If they were reluctant at first to do so, I usually got them started by telling a story someone else had told me. As I told that tale, you could see the veteran, eyes narrowing in memory, thinking how to put together their story for me.

    I have talked to a man–my Bible camp counselor, in fact–who told the story about how he and only the six other men who had been able to parachute from their burning B-17 bomber, walked their way through the little bourgades and pâturages of France, looking for ways to escape the German patrols. One day, they saw that the Germans had put up a checkpoint at a crossroads north of town. I’ve forgotten exactly why they simply couldn’t go around through the fields to get around it, but they finally agreed their only way to get through was to do it American style: they stole a village firetruck and uniforms and, with one of those awful European sirens braying , sounding like donkeys being slaughtered, barreled through the checkpoint, the Germans moving aside their barriers and waving them through.

    The Navajos weren’t the only tribe to send code-talkers into combat. I’ve talked with code talkers from other tribes, one of them my in-law uncle, the great-grandson of a famous Indian leader. He was the first man who made me realize that World War II wasn’t fought by John Wayne and his men, barrel-chesting their way through Europe and the Pacific. Sometimes, lonely and homesick corporals lay at the bottom of their foxholes, praying theirs wasn’t a target of the next falling shell.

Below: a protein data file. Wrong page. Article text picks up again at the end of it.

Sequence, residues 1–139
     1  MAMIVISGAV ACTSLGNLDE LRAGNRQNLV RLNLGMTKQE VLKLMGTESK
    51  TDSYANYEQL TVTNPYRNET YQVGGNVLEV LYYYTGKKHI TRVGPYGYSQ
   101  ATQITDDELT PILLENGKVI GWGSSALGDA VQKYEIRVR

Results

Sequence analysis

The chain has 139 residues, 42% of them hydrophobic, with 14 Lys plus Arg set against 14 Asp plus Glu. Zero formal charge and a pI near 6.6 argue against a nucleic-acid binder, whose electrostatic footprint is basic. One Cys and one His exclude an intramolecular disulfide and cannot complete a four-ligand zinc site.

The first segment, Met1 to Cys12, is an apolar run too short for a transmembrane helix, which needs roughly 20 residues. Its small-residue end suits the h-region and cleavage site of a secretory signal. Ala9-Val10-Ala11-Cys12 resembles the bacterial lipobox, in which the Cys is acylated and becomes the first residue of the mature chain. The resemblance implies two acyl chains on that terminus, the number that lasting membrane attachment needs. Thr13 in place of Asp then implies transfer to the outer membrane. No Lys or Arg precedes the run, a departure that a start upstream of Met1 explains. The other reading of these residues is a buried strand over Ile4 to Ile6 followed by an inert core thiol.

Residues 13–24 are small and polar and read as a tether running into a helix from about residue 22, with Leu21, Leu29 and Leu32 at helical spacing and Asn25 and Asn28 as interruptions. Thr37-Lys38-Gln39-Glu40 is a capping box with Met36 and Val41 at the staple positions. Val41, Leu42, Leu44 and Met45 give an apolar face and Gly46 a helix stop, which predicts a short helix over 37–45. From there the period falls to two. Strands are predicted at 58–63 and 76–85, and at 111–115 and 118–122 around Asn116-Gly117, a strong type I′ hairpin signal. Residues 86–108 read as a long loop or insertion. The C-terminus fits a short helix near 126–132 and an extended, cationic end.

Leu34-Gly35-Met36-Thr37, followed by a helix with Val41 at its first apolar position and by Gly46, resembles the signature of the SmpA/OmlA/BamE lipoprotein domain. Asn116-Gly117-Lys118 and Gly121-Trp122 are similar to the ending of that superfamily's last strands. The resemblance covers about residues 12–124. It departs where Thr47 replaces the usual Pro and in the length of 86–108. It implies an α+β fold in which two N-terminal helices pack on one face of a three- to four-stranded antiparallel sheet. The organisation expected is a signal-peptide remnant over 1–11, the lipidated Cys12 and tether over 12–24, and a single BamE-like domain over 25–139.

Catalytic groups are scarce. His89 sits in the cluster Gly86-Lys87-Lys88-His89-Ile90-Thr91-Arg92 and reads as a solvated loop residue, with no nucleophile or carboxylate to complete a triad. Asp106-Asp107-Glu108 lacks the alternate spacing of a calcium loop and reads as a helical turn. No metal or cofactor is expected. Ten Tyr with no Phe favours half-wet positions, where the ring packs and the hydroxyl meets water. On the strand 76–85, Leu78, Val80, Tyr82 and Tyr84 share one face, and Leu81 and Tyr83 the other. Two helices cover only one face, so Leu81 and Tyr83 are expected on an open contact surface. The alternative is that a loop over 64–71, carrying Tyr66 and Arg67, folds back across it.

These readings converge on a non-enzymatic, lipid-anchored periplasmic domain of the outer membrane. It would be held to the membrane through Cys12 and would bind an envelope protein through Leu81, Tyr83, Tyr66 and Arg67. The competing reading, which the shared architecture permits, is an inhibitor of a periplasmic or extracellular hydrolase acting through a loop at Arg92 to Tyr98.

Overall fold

Sometimes, war veterans tell their stories with tears in their eyes, having pause as the memories become too present, their friends too missing.

    Herman Wouk told us stories that were so real and provoking.

  8. With the exception of novels I read more than once during my graduate school years, almost none as an adult since remembering novels is what I was trained to do. As an example, a few years ago, I started listening to Agatha Christie audiobooks on the treadmill, but within a five minutes I could remember who did it and why so I tend toward podcasts now.

    My bizarre literary comfort food is my own novels. I like to wrap myself into the characters who are like old friends. It’s a very rare thing for me to do, though.

  9. All Quiet on the Western Front; All the King’s Men; To Kill A Mockingbird; 1984; Journalism in Tennessee (short story by Mark Twain, laugh out loud throughout)

  10. Misery by Stephen King. I read it once a year. I identify with Paul Sheldon for reasons best left unsaid.

    Presumed Innocent by Scott Turow. It is perhaps my favorite thriller of all time, the perfect combination of plot and characterization.

  11. The books that draw me back repeatedly include:
    • The Adept series by Katherine Kurtz and Deborah Turner Harris (oh how I wish they would add to this series!)
    • Dean Koontz novels (especially the Odd Thomas series, another one I was sad to see ended)
    • the Travis McGee series by John D. MacDonald
    • the Narnia books
    • the Eve Dallas and Roarke series by J.D. Robb
    • several titles by Sharon Sala (because they touch me deeply)

    I see common threads in these reading choices are. In many, there’s something beyond our understanding, that leads to heroic action for the greater good. There are also characters choosing to do right, even when it’s not the most comfortable direction. And I look for significant character development over time.